The Community Foundations National Standards Board (CFNSB) today announces the field comment period for the December 2013 Proposed Revised National Standards. These revisions are being made as part of a five-year review cycle, and will be open to comment from January 15 to February 15, 2014.
Community foundations are grantmaking public charities that are dedicated to improving the lives of people in a defined local geographic area. They bring together the financial resources of individuals, families, and businesses to support effective nonprofits in their communities. Community foundations vary widely in asset size, ranging from less than $100,000 to more than $1.7 billion.
Community foundations play a key role in identifying and solving community problems. In 2011, they gave an estimated $4.3 billion to a variety of nonprofit activities in fields that included the arts and education, health and human services, the environment, and disaster relief. The Community Foundations National Standards Board confirms operational excellence in six key areas—mission, structure, and governance; resource development; stewardship and accountability; grantmaking and community leadership; donor relations; and communications. Foundations that comply with these standards can display the official National Standards Seal. Right now nearly 500 community foundations have earned the seal.
More than 750 community foundations operate in urban and rural areas in every state in the United States; currently, more than 570 belong to the Council on Foundations. The community foundation model also has taken hold around the world. According to the 2010 Community Foundation Global Status Report, there are 1,680 community foundations in 51 countries. Forty-six percent exist outside of the United States. You can use our Community Foundation Locator to view a list of community foundations in the United States.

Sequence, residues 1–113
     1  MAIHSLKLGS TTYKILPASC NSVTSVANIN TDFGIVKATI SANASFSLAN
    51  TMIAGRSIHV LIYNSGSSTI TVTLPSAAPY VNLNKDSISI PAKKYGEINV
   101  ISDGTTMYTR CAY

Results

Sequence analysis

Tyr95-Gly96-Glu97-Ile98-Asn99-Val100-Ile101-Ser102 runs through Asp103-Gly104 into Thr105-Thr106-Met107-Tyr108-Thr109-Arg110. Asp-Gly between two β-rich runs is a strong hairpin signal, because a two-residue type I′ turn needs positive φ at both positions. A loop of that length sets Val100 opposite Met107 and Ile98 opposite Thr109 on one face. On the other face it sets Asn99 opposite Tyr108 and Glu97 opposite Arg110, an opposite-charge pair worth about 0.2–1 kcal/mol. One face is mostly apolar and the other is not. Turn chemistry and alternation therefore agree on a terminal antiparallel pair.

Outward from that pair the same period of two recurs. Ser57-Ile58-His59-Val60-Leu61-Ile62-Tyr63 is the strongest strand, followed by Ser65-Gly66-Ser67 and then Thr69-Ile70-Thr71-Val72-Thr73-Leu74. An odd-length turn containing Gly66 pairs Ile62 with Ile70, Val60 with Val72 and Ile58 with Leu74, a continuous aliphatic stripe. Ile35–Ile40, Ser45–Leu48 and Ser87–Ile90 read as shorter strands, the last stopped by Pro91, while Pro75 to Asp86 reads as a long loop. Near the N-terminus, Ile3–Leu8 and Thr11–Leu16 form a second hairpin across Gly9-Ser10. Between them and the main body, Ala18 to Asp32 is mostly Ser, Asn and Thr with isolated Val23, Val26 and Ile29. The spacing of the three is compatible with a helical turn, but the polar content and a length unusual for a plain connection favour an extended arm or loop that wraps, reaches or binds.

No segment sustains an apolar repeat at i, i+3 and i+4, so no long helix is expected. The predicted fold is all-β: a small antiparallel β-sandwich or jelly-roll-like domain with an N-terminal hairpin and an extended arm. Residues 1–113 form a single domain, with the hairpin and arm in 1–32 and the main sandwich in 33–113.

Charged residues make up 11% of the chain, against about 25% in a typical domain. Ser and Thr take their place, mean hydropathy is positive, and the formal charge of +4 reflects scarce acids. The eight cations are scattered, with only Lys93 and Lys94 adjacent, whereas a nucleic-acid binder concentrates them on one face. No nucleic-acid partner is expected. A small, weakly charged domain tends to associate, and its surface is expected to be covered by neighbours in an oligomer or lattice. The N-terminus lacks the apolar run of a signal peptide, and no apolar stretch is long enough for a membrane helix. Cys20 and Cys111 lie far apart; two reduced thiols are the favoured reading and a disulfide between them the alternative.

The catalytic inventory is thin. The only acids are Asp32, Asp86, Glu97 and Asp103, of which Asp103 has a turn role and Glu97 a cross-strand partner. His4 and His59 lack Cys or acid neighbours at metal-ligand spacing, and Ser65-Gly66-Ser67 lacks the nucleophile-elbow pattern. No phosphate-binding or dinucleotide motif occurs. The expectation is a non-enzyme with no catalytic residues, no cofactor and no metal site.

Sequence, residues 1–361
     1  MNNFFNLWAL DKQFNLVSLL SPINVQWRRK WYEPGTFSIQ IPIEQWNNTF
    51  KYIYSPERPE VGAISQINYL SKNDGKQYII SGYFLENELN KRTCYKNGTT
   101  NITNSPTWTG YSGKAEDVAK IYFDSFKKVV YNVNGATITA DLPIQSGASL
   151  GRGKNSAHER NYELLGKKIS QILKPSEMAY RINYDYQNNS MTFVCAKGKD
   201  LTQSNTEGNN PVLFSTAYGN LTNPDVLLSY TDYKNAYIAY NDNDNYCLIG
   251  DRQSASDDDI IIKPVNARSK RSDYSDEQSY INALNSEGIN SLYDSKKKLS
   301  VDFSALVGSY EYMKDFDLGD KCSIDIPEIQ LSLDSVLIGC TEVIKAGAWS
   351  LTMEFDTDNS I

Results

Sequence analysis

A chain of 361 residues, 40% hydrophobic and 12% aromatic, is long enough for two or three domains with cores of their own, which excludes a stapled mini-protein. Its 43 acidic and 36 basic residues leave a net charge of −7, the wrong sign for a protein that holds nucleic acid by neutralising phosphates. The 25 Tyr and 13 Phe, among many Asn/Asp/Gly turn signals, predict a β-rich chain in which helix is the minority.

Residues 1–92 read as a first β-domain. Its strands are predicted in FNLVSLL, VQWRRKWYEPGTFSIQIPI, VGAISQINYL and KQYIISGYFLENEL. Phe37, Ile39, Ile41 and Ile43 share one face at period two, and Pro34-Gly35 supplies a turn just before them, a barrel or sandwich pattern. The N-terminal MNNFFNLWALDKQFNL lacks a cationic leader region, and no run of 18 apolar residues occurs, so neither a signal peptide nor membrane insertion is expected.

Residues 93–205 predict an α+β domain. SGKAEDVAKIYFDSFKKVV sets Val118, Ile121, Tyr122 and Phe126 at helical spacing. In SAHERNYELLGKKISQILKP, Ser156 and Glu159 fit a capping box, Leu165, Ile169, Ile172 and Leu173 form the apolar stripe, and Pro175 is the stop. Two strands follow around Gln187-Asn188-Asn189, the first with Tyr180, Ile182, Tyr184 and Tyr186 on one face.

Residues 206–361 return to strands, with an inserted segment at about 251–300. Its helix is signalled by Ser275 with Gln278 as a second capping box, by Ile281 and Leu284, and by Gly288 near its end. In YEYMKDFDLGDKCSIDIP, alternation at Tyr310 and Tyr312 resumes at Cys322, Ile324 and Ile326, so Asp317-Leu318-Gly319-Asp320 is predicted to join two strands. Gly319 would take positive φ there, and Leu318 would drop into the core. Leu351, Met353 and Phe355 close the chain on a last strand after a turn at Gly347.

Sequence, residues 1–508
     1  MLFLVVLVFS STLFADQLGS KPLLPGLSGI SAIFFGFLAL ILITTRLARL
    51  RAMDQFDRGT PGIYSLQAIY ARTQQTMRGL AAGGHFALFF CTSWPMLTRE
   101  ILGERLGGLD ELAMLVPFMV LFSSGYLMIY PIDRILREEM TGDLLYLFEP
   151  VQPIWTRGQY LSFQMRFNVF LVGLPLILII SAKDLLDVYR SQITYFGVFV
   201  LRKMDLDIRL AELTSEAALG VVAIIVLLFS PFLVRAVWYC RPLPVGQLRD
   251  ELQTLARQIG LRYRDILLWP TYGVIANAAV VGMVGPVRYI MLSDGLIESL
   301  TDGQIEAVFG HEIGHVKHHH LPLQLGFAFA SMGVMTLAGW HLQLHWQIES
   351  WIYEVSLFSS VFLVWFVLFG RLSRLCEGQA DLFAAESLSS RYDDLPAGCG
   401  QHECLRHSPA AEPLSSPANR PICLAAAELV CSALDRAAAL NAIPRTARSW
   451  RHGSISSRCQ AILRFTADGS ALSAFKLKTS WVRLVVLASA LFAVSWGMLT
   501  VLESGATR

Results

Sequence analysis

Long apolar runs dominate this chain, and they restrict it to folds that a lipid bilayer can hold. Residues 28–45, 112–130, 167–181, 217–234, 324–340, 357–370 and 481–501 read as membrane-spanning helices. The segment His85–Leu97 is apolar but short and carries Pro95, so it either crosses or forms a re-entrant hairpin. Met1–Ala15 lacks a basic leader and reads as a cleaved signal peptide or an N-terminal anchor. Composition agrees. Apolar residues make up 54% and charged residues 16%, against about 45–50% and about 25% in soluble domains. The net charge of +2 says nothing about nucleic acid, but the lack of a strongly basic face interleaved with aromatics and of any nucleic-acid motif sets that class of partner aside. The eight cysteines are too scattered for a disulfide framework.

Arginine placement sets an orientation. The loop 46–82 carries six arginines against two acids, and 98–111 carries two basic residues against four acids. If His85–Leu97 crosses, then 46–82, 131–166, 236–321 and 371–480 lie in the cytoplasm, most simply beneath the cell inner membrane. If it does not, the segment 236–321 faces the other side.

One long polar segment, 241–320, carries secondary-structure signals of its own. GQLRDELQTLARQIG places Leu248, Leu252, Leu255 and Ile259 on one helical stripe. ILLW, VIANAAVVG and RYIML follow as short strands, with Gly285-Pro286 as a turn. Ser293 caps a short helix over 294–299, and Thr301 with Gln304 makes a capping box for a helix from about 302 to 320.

Below is everything on our site for community foundations. You can use the filtering options on the right to narrow these results.
The Council on Foundations is pleased to announce…
Websites are live, registration is now open, and the hotel block is available for Philanthropy Week in Washington 2014!
Now, more than ever, we must protect and enhance philanthropy in America. Philanthropy has been a pillar of our society from the time of our founders. Let’s continue to educate federal lawmakers on the imperative role of philanthropy before proposals that could alter tax policy and uproot the sector’s ability to advance the public good take hold.
Private foundations and public charities, including community foundations, may meet with legislators and legislative staff, but must use caution when considering topics to discuss with legislators. This document contains some general guidelines to consider prior to visiting with legislators.
We are pleased to partner with the Cleveland Foundation to promote a groundbreaking international project that will inform community philanthropy around the globe. The Community Foundation Atlas will be unveiled at our Centennial Year, Fall Conference for Community Foundations next October 20-22 in Cleveland, Ohio.
The persistent scrutiny of nonprofit governance has prompted leaders at many types of organizations to take steps to assure that their own houses are in good legal and financial order. For private foundations, this checklist is a good place to start.
This checklist for developing effective grantee relations was prepared by Jane Kendall, president of the North Carolina Center for Nonprofits and a trustee of the Kathleen Price Bryan Family Fund.
The Council on Foundations’ Foundation Management Series provides foundation boards and staff with the tools needed to benchmark their practices and operations against peers in the field. Containing data from the Council’s 2009 Foundation Management survey, the series consists of three reports: Board Composition and Compensation, Administrative and Investment Expenses, and Fiscal Oversight. Governance and Administrative Expenses: Key Findings provides a summary of survey data from all three reports.
This valuable resource guides foundations interested in becoming part of the national policy conversation and educating legislators about their impact in society. It offers advice on scheduling a meeting with a member of Congress; format options for those meetings; sample letter, fax, and e-mail formats; and more.